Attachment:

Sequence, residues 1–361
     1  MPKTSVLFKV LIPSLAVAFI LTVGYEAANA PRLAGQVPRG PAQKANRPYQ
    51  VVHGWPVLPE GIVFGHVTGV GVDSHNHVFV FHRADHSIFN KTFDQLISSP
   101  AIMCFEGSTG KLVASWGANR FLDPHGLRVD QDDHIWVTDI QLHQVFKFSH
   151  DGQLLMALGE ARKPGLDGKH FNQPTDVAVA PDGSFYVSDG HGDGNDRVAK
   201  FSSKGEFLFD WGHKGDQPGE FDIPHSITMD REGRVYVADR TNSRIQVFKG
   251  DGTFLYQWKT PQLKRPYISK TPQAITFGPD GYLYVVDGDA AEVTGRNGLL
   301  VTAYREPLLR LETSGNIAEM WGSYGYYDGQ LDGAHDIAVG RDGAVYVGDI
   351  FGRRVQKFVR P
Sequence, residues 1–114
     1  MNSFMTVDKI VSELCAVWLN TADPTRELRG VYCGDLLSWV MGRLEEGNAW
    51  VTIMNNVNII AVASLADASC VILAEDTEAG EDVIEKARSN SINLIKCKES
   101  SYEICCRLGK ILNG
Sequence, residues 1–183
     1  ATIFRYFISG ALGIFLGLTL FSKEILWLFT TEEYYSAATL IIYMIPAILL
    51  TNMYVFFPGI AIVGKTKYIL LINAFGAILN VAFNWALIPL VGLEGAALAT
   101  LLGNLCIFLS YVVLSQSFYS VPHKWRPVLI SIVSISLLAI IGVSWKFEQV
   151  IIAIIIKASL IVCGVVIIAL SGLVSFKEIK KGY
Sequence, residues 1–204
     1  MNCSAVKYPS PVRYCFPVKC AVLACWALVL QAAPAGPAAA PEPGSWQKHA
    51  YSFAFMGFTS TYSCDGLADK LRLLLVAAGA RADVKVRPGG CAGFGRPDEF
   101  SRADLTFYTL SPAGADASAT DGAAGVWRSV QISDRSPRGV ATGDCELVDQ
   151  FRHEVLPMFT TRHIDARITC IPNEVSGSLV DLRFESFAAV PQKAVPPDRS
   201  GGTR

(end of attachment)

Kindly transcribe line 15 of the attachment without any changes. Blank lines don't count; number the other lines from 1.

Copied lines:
     1  ATIFRYFISG ALGIFLGLTL FSKEILWLFT TEEYYSAATL IIYMIPAILL